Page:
There will come a time when you’ll be ready to come back and start publishing your words again. When you do, remember that you’re not ‘going wrong.’ There isn’t something inherently wrong with you that makes you unlikely to succeed. The obstacles and struggles that you think disqualify you from succeeding as a creative is actually the secret sauce that sets you apart. No one else will live your story and tell it in the raw and honest way that you do. Someone, somewhere is going to need to hear how you held firmly to your courage and made it through to the other side.

Before you get lost in a sea of numbers, views, and likes, remember why you set out to create in the first place.

Encouraging you always,

Ash


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Dear Stevo…

This time last year, I was struggling really hard to figure out what to write. I would start writing and press delete. I have a folder labelled ‘Homeless’ for all my half-written documents that don’t have a place on this page yet. Anne Lamott, wrote that whenever she struggled with writer’s block, she would open a new document and write a letter to her brother called Stevo. Just addressing your words to one person can make all the difference, so I tried writing a letter to Stevo as well.

I’ve attached my letter below because a) reading back, I think it’s funny and b) for the aspiring writers that follow me, I think it’s important to reveal that the writing process isn’t linear or pretty. We often need a guy called Stevo to prompt us into action. This letter eventually turned into this official post about my birthday last year.

Whether you’re a writer, student, or it’s the first time you’ve come across my words, I hope you’re inspired to start writing letters, and that you know you are so worth celebrating.

Dear Stevo,

I’m struggling to write the words on the page because I don’t know what to write about. That’s a lie – I do know what I want to write about, but the words aren’t flowing. Anne Lamott told me to write a letter to you whenever I’m stuck, so here we are.

Perfectionism is my big thing. I’m still not sure what my voice is. And I still have to scroll through the words of someone else to get my inspiration. I wonder if I’m really going to make it and if this will be worth it. But damm it- I have to try!

There are two pieces I want to write for this week. One is for the girl who doesn’t feel like she’s worth being celebrated. Who doesn’t feel like she’s worth people rallying around her and celebrating her. Why does she feel that way? Probably because people didn’t really show up for her in the past. Or maybe birthday’s weren’t a big thing in the family. Plus she doesn’t believe very good things about herself. What I would say to her is that her birthday is special, irrespective of who is or isn’t showing up. It’s the day she came into the world with fists raised, ready to leave a mark on the world. On the day she opened her eyes, lives changed. I would tell her that there are some years that may not feel like a big deal- like at 15. You’ll wait in anticipation for the big ones like 18 or 21 only to wonder why nothing special is happening. But some years you’ll be pleasantly surprised.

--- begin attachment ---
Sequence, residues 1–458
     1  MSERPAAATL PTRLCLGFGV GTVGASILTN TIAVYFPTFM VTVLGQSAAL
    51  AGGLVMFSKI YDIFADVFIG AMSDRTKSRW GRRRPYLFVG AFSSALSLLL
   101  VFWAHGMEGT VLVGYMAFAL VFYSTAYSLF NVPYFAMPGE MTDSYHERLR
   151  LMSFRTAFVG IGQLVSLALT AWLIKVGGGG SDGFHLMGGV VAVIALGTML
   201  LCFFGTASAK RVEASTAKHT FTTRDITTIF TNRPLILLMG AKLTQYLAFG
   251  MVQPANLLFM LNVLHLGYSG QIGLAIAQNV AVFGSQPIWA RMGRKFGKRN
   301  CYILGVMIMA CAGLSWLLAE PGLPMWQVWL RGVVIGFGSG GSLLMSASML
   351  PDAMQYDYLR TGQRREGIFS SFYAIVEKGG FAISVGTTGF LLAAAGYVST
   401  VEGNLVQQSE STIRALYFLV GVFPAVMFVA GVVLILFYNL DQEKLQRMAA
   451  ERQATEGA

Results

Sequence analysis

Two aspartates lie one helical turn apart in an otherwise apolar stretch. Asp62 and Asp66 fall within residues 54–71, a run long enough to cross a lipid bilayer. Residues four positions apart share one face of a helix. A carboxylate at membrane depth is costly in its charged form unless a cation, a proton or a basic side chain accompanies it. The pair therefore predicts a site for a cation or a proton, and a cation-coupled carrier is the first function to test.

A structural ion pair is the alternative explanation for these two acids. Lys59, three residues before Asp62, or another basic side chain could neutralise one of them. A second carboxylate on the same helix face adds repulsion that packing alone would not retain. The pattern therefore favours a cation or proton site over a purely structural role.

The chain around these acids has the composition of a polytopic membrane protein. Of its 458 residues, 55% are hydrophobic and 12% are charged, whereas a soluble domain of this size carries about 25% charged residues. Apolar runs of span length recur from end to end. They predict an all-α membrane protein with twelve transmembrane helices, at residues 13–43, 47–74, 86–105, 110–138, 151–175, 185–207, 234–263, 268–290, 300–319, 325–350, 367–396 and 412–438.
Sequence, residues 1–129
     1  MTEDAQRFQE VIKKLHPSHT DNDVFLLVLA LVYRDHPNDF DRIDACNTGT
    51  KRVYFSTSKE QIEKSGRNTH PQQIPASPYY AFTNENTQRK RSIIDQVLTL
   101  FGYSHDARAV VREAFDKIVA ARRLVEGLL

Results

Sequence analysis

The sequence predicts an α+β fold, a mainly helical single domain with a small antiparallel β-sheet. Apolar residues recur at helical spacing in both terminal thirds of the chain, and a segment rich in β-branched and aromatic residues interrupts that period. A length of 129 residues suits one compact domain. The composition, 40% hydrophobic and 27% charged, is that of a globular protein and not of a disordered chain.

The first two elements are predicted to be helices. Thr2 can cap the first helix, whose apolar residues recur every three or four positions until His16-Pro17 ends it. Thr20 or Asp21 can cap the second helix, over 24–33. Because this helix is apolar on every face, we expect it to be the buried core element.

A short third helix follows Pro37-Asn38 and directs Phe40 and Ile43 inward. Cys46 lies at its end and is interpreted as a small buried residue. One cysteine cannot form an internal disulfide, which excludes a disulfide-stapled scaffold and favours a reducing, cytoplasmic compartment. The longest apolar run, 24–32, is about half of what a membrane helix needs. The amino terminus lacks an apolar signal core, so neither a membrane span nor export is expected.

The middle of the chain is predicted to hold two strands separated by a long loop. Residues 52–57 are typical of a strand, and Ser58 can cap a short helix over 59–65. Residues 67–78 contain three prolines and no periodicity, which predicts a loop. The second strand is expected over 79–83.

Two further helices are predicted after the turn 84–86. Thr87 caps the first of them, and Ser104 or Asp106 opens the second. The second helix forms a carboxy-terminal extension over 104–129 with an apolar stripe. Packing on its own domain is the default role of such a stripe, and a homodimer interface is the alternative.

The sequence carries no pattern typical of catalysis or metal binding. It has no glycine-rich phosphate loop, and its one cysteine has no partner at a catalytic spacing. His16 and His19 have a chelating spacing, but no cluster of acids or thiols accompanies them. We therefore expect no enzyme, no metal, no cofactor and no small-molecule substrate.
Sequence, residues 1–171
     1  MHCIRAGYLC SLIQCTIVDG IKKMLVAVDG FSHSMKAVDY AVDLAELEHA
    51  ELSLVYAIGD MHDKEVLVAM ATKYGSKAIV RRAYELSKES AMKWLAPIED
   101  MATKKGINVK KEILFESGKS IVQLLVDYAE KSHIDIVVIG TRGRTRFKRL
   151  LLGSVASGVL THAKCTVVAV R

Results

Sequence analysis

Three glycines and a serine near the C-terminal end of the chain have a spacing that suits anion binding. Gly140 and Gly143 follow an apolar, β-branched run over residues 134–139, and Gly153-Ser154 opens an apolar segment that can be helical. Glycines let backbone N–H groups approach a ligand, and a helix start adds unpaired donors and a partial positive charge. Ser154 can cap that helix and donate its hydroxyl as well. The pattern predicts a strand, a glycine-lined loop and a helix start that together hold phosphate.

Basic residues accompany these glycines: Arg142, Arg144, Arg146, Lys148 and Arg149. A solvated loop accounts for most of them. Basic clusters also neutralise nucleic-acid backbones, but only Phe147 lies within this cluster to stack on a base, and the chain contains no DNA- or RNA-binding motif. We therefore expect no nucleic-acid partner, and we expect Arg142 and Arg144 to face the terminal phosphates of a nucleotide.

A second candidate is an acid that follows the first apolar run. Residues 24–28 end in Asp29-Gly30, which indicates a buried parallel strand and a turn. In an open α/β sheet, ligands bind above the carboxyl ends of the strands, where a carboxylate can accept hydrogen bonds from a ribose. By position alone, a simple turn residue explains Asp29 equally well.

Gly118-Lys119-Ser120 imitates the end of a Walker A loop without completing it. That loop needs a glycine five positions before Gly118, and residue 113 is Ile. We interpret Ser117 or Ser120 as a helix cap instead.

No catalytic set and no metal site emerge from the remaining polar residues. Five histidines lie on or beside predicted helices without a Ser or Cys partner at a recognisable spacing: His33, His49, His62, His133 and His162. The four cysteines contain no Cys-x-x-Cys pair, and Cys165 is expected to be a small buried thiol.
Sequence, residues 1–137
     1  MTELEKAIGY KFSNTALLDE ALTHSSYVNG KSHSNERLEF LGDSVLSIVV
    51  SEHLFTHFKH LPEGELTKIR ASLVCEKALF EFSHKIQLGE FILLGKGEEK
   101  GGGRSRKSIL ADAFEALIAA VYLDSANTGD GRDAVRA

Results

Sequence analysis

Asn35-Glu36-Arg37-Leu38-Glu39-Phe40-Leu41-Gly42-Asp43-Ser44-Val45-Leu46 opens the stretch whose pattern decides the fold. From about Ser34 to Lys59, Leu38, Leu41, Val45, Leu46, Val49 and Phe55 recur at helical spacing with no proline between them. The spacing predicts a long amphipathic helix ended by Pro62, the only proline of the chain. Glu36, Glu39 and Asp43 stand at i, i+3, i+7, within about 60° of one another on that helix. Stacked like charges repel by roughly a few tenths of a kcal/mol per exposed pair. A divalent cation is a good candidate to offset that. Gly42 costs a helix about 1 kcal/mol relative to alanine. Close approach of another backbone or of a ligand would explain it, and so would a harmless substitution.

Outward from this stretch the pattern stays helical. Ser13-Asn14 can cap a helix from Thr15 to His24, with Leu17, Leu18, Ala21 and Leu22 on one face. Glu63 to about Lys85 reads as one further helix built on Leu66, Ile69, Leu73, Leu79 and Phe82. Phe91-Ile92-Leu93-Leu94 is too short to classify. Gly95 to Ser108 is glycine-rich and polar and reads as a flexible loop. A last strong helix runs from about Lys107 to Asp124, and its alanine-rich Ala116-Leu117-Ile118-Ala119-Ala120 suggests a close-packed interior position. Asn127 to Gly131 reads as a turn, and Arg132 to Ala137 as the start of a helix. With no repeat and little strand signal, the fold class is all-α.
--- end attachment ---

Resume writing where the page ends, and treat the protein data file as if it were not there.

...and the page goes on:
You don’t need the big party to feel loved. I woke up on my 21st wishing I had my community around me. But the flat pulled through for you. The night ended and you’ll learn that things pull together at the last minute. The right people will pull through.

I’d tell her that every inch of her is worth celebrating. That even if it feels like the world doesn’t care she’s still worth celebrating. There are years where it’ll feel eventful and everyone is gathered round waiting for the glitz, glam and sparkle. And there’ll be years where you’ll have to be the sparkle. You’ll have to be your own cheerleader and learn to celebrate yourself. You’re going to have to figure out how to love on and celebrate yourself before you can invite anyone else to do it for you.

I remember when people didn’t want to make the effort to show up. I remember when people showed up and made the day about them. Irrespective of who does or doesn’t show up, it doesn’t lower your capacity to be celebrated.

A year ago, in the days leading up to 21, Slumpy took up residence in my heart and telling me that there wouldn’t be anything special this year either, and left me feeling heavy. I was miles away from my community back home, we were caught up in the rush to submit assignments, forgotten.  21 is placed on a pedestal yet nothing felt special.

You’re allowed to be sentimental on your birthday and be all up in your feelings like a Drake song.

The flat pulled together to rally around me at the last minute. The guys made an emergency trip to Tesco to buy a decadent cake topped with Maltesers. We used cigarette lighters as makeshift candles, and a single balloon found at the bottom of a show bag was inflated to celebrate the first year into my 20s. Afterwards, we caught the bus into the city where I rode my first mechanic bull and danced the night away as fake snow rained down on our heads.  It was a rushed, last minute, affair, but it was enough. 

All this to say that if a single shred of you has ever wondered whether you are worthy of being celebrated, hear me when I say you are, you are, you are.